10. Blessed a be you, and never may from your lips b, which spoke such good tidingsd, the tone of suffering f and complaints resound.b

11. We think something is true, which certainly perhaps is not true, or only half true: we think something is justd, which surelye is only just under certain circumstances.

12. A boaster a is never looked upon as a man possessed of much sensed and courage.

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7. a say, proposed to vorlegen. Erwartung. Cremember, this is only his fancy.

8. a heraufführen. b take the Dat. without Prep. can. a heiter. e entwideln. Reim, m. 8 Saat, f.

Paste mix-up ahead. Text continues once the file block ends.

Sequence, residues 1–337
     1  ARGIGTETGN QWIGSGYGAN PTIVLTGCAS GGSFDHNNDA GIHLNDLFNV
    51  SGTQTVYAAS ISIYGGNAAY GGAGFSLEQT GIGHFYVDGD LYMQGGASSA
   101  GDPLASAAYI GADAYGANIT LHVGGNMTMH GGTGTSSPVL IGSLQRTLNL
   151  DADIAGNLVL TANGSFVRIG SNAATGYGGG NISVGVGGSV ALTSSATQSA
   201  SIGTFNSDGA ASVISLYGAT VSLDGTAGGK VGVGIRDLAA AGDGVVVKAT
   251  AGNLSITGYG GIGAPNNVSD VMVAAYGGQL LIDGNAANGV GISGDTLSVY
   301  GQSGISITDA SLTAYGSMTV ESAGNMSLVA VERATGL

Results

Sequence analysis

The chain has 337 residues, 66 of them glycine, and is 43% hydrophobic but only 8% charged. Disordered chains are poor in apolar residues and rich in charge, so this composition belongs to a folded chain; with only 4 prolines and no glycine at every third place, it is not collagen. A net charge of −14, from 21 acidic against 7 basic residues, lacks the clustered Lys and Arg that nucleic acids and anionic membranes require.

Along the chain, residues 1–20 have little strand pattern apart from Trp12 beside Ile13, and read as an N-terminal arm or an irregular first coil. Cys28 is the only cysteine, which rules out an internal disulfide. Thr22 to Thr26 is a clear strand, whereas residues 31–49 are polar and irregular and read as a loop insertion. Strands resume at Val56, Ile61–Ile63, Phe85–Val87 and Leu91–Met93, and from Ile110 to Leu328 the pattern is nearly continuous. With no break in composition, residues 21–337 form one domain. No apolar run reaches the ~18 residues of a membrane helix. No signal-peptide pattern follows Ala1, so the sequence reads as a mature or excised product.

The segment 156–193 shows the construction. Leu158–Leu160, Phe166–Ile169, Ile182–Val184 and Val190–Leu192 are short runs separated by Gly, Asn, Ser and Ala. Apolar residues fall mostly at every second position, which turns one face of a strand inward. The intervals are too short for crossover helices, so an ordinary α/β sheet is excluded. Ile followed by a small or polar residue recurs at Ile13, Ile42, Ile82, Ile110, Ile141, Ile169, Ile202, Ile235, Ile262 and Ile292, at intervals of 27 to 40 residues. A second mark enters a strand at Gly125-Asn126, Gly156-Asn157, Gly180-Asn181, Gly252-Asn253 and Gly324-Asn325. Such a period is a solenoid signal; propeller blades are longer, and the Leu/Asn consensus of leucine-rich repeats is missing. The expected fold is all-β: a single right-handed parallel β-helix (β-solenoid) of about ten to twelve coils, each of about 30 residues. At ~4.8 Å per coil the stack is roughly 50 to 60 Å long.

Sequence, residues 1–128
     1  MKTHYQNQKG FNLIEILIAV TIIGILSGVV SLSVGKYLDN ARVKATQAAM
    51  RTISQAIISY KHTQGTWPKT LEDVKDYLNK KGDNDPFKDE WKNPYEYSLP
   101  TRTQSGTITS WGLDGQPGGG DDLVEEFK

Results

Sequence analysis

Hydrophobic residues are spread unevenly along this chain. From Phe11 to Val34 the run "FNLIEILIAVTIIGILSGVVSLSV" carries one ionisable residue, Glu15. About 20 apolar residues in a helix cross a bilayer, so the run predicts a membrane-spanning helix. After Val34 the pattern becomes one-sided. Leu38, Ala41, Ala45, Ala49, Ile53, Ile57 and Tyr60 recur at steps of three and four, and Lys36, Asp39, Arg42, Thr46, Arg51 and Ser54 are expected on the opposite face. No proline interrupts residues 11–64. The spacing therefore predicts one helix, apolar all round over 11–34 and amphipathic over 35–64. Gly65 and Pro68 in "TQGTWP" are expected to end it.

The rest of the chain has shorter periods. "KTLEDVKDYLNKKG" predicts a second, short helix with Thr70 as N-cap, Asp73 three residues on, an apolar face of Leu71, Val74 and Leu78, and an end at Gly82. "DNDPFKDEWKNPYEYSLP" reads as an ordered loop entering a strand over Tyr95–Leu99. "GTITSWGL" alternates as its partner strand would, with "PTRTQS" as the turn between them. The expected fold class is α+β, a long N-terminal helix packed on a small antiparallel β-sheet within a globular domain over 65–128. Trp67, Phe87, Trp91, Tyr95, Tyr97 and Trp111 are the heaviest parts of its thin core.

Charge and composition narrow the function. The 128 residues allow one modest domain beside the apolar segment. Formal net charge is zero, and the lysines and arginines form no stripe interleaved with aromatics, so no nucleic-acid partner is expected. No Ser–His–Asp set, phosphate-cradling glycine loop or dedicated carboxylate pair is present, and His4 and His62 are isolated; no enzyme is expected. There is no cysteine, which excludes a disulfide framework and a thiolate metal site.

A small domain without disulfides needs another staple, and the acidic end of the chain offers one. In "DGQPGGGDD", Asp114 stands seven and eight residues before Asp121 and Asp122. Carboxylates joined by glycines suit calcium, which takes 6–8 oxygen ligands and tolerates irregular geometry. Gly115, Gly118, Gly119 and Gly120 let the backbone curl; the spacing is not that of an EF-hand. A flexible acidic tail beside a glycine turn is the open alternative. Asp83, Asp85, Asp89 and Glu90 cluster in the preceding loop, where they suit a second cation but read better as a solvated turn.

9. a überziehen. b Wolken f. cdamit. d begießen. @zu.

10. a segnen. blippe, f. cmelden. a Botschaft, take the singular. e Ion, m. fleiden, as a Substantive. 8 Klage, take the plural. h erschalen.

11. a glauben is to think when the latter implies having an opinion, but when to think means reflecting, it is denken. b etwas, and mark, in English is here omitted that, i. e., the objective sentence something is true is changed into an independent sentence: this can also be done 'in German,-daß can be omitted; the sentence, must then, of course, be construed like an independent sentence; but the Verb in such a sentence, referring to an imaginary thought, stands in the Subjunctive. cdoch. d gerecht. e doch.

12. a Großsprecher. bis looked upon, etc., explain in German literally, so: is never in the authority that he has much sense and reason; -authority is Ansehen. Chas expressing only what opinion is formed bf him, stands in the Subjunctive. d Verstand. e Muth, m.